Long-Lost Letter That Inspired 'On The Road' Style Has Been Found Known as the "Joan Anderson Letter," the 18-page, single-spaced, stream of consciousness note from Neal Cassady to Jack Kerouac was found amid the dusty papers of a now-closed publishing house.
NPR logo

Long-Lost Letter That Inspired 'On The Road' Style Has Been Found

  • Download
  • <iframe src="https://www.npr.org/player/embed/366349721/366379374" width="100%" height="290" frameborder="0" scrolling="no" title="NPR embedded audio player">
  • Transcript
Long-Lost Letter That Inspired 'On The Road' Style Has Been Found

Long-Lost Letter That Inspired 'On The Road' Style Has Been Found

  • Download
  • <iframe src="https://www.npr.org/player/embed/366349721/366379374" width="100%" height="290" frameborder="0" scrolling="no" title="NPR embedded audio player">
  • Transcript

ARI SHAPIRO, HOST:

When Jack Kerouac's "On The Road" was first published in 1957, no one had ever seen anything quite like it. Here's Kerouac reading an excerpt from the book a few months after it came out.

(SOUNDBITE OF ARCHIVED RECORDING)

JACK KEROUAC: (Reading) Out we jumped in the warm, mad night, hearing a wild tenorman's bawling horn across the way going, ee-yah(ph), ee-yah (ph), and hands clapping to the beat and folks yelling go, go, go.

SHAPIRO: That stream of consciousness style that Kerouac made famous owes a huge debt to a letter written by his friend Neal Cassady. Among Kerouac scholars and fans it became known as the Joan Anderson letter. It was missing for 65 years. And NPR's Lynn Neary reports it has now been found and will go on auction next month.

LYNN NEARY, BYLINE: Joe Maddalena, CEO of the auction house Profiles in History, first heard of the letter about a year ago, when a colleague told him about what she called the greatest literary discovery of the 21st century

JOE MADDALENA: And she said the Joan Anderson letter. I consider myself a pretty smart guy - well-read, well-educated. And I'm like Joan Anderson - it's not Mark Twain or Herman Melville or Charles Dickens. I'm like who the heck is Joan Anderson?

NEARY: Joan Anderson was a woman Neal Cassady spent a wild weekend with back in 1950. He wrote about it to his friend Jack Kerouac in an 18-page, single-spaced, stream-of-consciousness letter.

JERRY CIMINO: Well, in the Beat world, we've always referred to the Joan Anderson letter as the holy grail of the Beat Generation.

NEARY: Jerry Cimino is the founding director of the Beat Museum in San Francisco. Cimino says this is the letter that led Jack Kerouac to completely change his writing style.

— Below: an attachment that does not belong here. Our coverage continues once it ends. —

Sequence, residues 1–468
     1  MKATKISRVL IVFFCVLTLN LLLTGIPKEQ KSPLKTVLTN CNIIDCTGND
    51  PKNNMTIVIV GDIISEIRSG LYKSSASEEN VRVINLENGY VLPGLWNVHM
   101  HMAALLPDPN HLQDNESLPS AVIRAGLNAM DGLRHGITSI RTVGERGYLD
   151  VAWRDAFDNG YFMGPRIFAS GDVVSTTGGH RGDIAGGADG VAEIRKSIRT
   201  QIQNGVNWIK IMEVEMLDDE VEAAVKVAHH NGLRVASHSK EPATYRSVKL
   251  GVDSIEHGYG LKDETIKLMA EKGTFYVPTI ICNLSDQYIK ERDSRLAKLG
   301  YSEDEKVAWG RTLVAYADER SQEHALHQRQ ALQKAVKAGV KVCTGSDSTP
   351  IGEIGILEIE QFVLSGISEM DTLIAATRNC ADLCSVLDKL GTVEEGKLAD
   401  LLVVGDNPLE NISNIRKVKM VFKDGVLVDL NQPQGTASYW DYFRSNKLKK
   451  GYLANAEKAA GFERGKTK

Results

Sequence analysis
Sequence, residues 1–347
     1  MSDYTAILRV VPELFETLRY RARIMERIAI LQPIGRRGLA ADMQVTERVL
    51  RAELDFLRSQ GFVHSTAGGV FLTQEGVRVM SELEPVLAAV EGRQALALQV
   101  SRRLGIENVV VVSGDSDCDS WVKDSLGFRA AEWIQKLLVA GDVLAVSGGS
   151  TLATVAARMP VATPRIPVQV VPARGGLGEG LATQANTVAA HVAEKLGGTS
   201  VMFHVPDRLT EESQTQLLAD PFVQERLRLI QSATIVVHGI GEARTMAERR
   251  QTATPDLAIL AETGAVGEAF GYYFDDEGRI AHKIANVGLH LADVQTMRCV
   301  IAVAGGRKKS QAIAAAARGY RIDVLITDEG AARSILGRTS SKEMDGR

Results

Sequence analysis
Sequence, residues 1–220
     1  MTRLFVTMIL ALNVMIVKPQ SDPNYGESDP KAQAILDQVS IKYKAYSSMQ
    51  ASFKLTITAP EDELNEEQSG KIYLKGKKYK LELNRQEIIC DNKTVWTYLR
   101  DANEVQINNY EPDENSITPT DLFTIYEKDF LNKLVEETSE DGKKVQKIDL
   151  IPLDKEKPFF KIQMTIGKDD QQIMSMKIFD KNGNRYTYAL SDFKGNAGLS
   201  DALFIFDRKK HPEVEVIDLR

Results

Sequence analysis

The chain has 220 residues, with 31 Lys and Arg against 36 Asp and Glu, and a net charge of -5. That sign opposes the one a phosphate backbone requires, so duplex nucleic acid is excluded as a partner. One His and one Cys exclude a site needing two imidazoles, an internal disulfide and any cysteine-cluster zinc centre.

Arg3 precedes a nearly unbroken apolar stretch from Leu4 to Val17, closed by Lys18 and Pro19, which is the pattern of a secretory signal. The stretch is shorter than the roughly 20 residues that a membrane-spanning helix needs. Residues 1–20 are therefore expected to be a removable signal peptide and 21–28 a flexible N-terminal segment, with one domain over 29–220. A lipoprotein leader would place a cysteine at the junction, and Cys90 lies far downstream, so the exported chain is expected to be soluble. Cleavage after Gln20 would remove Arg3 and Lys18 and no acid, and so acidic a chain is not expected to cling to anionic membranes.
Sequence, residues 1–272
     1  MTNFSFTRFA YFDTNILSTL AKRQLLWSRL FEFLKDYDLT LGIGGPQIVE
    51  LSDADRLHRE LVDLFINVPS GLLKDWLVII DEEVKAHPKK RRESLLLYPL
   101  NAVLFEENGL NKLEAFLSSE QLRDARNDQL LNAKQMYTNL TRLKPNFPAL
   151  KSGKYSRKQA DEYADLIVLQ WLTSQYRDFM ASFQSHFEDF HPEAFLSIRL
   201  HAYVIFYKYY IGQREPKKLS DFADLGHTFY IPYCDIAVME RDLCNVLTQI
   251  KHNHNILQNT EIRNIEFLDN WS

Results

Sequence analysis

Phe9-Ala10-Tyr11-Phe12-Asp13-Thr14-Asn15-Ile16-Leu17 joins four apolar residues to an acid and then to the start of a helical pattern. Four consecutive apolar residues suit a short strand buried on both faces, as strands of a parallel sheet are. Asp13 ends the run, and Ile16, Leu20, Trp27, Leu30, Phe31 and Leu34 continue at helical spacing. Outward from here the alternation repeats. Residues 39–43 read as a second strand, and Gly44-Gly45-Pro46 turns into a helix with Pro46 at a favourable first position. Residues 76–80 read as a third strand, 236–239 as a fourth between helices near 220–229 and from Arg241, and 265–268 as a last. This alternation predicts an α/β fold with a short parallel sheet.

CIMINO: Prior to this, Kerouac had been writing in a relatively standard fashion for that time. And when he got this letter from Neal, he literally looked at it and it just knocked his socks off. He said, wow, look at how Neal is writing. It's so spontaneous. It's so confessional. And Jack Kerouac adapted that style from Neal Cassady's letter and used it in the writing of his brand new novel, which was called "On The Road," which of course became his best-seller.

NEARY: There were many theories about what happened to the letter. As it turns out, it was in a dead-end file in a publishing company called Golden Goose. Joe Maddalena says the owner of that company gave some of his literary archives to a neighbor, whose daughter found those papers among her father's things after he died.

MADDALENA: She's looking for insurance papers, documents. She has no idea what she's looking at. And all of a sudden, she comes upon boxes and boxes and boxes of Golden Goose. And she's like, wow, my Dad wasn't a publisher. What is all this stuff? I'm talking about a voluminous amount of material. Buried in one of these files, she finds this letter.

NEARY: Those who have seen the letter say it looks like the original manuscript of "On the Road." Jerry Cimino is one of the few who has actually laid eyes on it.

CIMINO: It's just a sight to behold. It's a stunning thing to look at. For someone like - for a geek like me, this is a really big deal.

NEARY: The Joan Anderson letter will be auctioned on December 17 as part of the Golden Goose collection of papers, which includes a number of other well-known writers. Lynn Neary, NPR News, Washington.

Copyright © 2014 NPR. All rights reserved. Visit our website terms of use and permissions pages at www.npr.org for further information.

NPR transcripts are created on a rush deadline by Verb8tm, Inc., an NPR contractor, and produced using a proprietary transcription process developed with NPR. This text may not be in its final form and may be updated or revised in the future. Accuracy and availability may vary. The authoritative record of NPR’s programming is the audio record.